Chassis numbers: 2008 Lola-Aston Martin B80/60 HU01 and HU02, 2009 Aston Martin DBR1-2/1 - DBR1-2/4
The Automobile Club De L’Ouest (ACO) which organizes the le Mans 24 hour race and associated LM series, allows four classes of race cars to compete together on the track at the same time; these are LMP1, LMP2, GT1 and GT2. GT1 and 2 are quite closely based on road cars thus the DB9 race variant is the DBR9, and for the V8 Vantage it is the V8 Vantage GT2. Since 2005, AMR has been very successful in the GT1 category of sportscar racing but due to the technical regulations imposed on the class, outright victory against the ‘Le Mans Prototypes’ at the Le Mans 24 hour and the various Le Mans Series races is extremely unlikely, perhaps even virtually impossible. The Le Mans prototypes are purpose built race cars and have very little in common with road cars. Most have open bodies although closed coupes are also allowed; all have token luggage space and at least the provision of a small passenger seat. They are at least as powerful as GT1 cars, often more powerful, have a lower minimum weight limit, larger brakes, wider wheels and more aerodynamic downforce. From 2006, diesel powered cars had begun to dominate the LMP1 class due to favourable regulations with the cars from Audi and Peugeot being the ones to beat.
In 2008, the ACO regulations for Le Mans changed to allow the use of a GT1 engine within a prototype chassis. Thus Aston Martin Racing took advantage of this and provided engines for the Charouz Racing Systems LMP1 entry at that year’s Le Mans 24 Hours and in the Le Mans Series (LMS) races. Since the V12 is based on a production car engine and is a little heavier, taller and longer than custom-built prototype racing engines, larger air restrictors were allowed which gave a useful increase in power of 50 bhp over that produced when fitted to the DBR9.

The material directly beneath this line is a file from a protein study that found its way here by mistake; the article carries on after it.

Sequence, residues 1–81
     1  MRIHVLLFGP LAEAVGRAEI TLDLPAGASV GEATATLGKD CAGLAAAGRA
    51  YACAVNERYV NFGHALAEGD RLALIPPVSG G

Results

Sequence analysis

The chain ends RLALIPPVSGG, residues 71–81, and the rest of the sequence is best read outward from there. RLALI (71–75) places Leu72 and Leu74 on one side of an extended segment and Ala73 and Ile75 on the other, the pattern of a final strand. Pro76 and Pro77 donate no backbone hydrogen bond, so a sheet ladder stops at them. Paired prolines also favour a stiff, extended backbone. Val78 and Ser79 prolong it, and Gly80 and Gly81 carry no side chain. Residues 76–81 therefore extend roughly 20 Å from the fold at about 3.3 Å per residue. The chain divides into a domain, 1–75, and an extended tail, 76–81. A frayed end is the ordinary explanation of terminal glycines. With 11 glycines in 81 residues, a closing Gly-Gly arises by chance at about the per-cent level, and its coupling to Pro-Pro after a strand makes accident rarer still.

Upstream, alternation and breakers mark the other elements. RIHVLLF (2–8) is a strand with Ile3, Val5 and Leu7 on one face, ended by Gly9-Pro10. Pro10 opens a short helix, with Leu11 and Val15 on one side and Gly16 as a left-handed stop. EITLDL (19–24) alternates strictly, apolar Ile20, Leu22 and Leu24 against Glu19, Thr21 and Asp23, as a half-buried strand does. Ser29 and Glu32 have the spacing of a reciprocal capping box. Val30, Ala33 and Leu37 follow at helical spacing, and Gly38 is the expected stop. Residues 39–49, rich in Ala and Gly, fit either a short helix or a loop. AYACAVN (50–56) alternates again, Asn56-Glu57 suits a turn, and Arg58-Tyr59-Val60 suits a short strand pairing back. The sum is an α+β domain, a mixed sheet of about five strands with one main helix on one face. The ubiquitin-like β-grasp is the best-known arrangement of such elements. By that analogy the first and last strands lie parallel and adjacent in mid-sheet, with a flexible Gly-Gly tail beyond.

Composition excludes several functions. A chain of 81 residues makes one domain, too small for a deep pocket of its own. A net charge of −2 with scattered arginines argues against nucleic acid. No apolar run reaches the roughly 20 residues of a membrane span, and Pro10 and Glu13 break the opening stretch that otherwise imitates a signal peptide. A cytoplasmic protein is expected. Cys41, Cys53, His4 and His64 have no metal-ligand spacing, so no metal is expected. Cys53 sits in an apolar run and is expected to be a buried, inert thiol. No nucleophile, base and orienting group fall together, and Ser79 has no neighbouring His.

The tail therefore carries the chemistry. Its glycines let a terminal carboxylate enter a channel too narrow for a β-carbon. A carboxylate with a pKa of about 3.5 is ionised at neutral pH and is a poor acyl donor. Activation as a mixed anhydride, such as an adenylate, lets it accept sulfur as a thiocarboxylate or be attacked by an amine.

The new car had a closed cockpit, carbon fibre monocoque Lola B08/60 chassis and was fitted with the latest specification Aston Martin six litre V12 unit exactly as used in the 2007 GT1 class winning DBR9. Aston Martin Racing worked with Lola to repackage the engine and transmission for the new chassis, while engineers from Aston Martin Racing also supported the car at the event. The decision to go with a closed car has both advantages and disadvantages. Aerodynamically they are superior and provide better protection for the driver in adverse weather conditions. But the cockpits can become unbearably hot (so air-conditioning is mandatory), driver changes take a little longer and the windscreens require frequent cleaning and need wipers too.
Aston Martin Racing contracted Tomáš Enge, Stefan Mucke and Jan Charouz for the 2008 season. All three were placed with Charouz Racing Systems and raced the Michelin-shod Lola-Aston Martin at Le Mans and in the LMS. At Le Mans itself, the Lola-Aston Martins saw impressive qualifying performance from Stefan Mücke starting from sixth overall on the grid, the fastest of all the petrol engined cars. Despite an accident early in the race which meant that it lost half an hour in the pits for repairs, the car still finished ninth in the general classification and it could have been close to the top six without the accident. It did however establish a new lap record for a petrol powered car.